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Are your hips causing your injury?

How often have you been injured? Have you ever added all the time lost to an injury? Chances are you haven’t – in some cases that time could have kept you from a PB or reaching the podium in your last race.

Overuse injuries are very common but most athletes fail to pick up the early warning signs. It’s the little things that need to be addressed before you suddenly get to a point where the doctor or physio tells you, “sorry but you won’t be able to train for 2 weeks!”

That’s when the penny drops and you realize the seriousness of the situation.

Injuries don’t just happen suddenly (unless you have a crash – dread the thought). A slight deviation in motion can, over time, lead to a big problem. You may be happily running along for weeks or months without noticing, but the injury is slowly developing. When it does finally hit, often the underlying problem goes undetected. After all, why would you suspect your foot to be the cause of your back pain?

Although there are many possible areas of abnormal biomechanics, a common one, and sometimes overlooked, is the pelvis (hips). Abnormal pelvic motion during running can put undue strain on a variety of structures and lead to overuse problems.

However, before you begin cursing your pelvis, understand that sometimes abnormal pelvic motion is merely a result of a problem elsewhere. Looking at, and correcting, abnormal pelvic motion can help you discover these hidden problems.

To appreciate the abnormalities that may occur in running, picture a box around the pelvis. The two most common situations are:
1.    the pelvis is tilted forward (anterior tilt); picture slightly rotating the box forward
2.    one side of the pelvis is lower than the other (lateral tilt); imagine slightly tipping the box to one side, right or left.

Each of these abnormalities has its own specific range of problems and sometimes both can occur. So how do you find out if you’re experiencing abnormal pelvic biomechanics?

There are several clues to explore.

Look at the wear on your shoes. If it is uneven, then you know that one leg is doing something different. This may not involve the pelvis but it is a consideration. Try this simple test. Perform a one leg squat, first with one leg and then the other. Go down to about a 90-degree bend in the knee. Watch yourself in the mirror. If balance is harder on one side, or you find that one side seems weaker, tight, painful, or less coordinated, then you need to look more closely at pelvic biomechanics.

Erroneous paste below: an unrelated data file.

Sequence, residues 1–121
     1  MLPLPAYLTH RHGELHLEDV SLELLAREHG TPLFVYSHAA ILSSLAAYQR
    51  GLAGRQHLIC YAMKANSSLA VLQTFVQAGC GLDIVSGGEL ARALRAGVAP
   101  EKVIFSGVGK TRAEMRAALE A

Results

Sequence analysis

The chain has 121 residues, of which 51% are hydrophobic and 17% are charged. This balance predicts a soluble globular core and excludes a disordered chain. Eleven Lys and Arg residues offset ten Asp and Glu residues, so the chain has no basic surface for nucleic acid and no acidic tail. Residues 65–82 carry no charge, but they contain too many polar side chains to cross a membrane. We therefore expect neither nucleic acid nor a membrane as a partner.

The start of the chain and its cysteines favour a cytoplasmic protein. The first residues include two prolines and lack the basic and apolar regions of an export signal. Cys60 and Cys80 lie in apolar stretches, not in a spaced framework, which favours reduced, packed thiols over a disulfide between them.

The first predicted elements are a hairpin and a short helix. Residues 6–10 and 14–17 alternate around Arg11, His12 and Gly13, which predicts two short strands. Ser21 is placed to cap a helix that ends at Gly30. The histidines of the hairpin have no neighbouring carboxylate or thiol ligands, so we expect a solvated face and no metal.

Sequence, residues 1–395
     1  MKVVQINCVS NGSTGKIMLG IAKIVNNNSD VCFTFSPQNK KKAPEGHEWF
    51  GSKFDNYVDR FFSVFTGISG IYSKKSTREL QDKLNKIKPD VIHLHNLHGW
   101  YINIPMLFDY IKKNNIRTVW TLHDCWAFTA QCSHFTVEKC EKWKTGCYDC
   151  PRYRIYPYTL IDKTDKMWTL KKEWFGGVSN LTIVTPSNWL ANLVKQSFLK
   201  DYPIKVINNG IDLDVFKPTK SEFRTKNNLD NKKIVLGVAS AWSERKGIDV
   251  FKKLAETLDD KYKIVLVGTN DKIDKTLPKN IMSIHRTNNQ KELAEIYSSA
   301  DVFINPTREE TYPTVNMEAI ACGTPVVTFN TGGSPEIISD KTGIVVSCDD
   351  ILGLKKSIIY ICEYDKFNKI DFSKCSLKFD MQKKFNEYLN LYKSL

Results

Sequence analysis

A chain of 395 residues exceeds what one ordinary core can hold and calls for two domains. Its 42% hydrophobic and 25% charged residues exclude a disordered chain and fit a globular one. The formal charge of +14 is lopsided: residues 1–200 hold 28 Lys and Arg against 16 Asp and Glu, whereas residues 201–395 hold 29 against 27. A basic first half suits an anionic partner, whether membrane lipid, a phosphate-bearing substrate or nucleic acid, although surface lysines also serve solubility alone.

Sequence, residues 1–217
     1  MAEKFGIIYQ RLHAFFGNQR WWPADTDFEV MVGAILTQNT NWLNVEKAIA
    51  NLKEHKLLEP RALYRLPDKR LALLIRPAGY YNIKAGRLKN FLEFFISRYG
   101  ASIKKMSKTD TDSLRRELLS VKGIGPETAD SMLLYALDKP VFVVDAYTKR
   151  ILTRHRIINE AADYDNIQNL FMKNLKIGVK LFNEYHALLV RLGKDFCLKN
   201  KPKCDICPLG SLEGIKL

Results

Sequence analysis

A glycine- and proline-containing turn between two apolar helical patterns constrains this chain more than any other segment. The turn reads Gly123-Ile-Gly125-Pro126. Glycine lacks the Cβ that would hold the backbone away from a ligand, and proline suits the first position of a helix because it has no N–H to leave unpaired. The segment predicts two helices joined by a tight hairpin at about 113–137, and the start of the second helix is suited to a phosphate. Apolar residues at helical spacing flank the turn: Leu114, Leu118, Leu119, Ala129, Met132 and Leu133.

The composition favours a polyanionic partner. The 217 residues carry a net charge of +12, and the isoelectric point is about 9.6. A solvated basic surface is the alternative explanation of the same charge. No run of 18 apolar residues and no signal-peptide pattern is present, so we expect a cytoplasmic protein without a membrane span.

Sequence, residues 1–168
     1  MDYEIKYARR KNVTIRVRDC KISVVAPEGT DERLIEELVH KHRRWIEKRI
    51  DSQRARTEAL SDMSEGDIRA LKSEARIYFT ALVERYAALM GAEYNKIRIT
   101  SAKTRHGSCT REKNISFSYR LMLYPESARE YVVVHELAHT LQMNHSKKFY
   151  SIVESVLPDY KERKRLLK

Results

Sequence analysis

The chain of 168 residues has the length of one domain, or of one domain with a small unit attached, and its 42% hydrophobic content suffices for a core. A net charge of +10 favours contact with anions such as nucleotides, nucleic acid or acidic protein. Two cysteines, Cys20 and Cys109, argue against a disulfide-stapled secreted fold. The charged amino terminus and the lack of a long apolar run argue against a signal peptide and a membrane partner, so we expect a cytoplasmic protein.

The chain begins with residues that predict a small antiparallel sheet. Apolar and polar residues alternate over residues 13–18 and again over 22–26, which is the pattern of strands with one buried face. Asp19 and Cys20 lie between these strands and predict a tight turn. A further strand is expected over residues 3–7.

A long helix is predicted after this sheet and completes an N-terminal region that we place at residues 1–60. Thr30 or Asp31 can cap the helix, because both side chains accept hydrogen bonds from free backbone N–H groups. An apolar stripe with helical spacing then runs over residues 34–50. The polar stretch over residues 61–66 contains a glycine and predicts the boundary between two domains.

If you have experienced any of the overuse injuries listed below, then you should definitely consider pelvic biomechanics. To discover what is happening specifically requires outside assistance. A biomechanics specialist or experienced running coach can look at your form and give you feedback. Because some abnormalities are very subtle, a video of you running is often quite helpful. Once the abnormality is identified, then hunt for the associated tight or weak muscles, and/or related problems (e.g. overpronation, leg length discrepancy, etc…) and fix it.

Direction………………..Associated injuries………Potential cures
Anterior tilt………… 1.) Lower back pain
………………………………………………………..……..A) Abdominal muscle strengthening
……………………………..2.) hamstring strain
……………………………………………………………….B) Stretching and strengthening of gluteal muscles, hip
……………………………………………………………….external rotators, hip flexors, and hamstrings
……………………………..3.) patellar tendinitis
……………………………………………………………….C) Balance and retraining (e.g. one-legged squats)
……………………………..4.) patellofemoral syndrome

And if the angle of gait is widened,
lower leg problems such as shin pain.

Lateral tilt……………..1.) iliotibial band friction syndrome
.………………………………………………………………A) Look for leg length difference, overpronation in one
……………………………………………………………….foot, etc. and consider orthotics to correct
……………………………..2.) lower back pain — usually one side
……………………………………………………………….B) Stretching and strengthening of hip adductors,
……………………………………………………………….abductors, extensors, and ext. rotator muscles
……………………………..3.) adductor (groin) strains
……………………………………………………………….C) Balance and retraining (e.g. one-legged squats)
……………………………..4) lateral hip pain

Enjoy your training!

Jono Rumbelow, Certified ironguides Method Coach – South Africa

www.ironguides.net
* * * Your best is our business.™ * * *

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A triathlete making a comeback and a true blue Scorpio. That sums it up quite nicely :)

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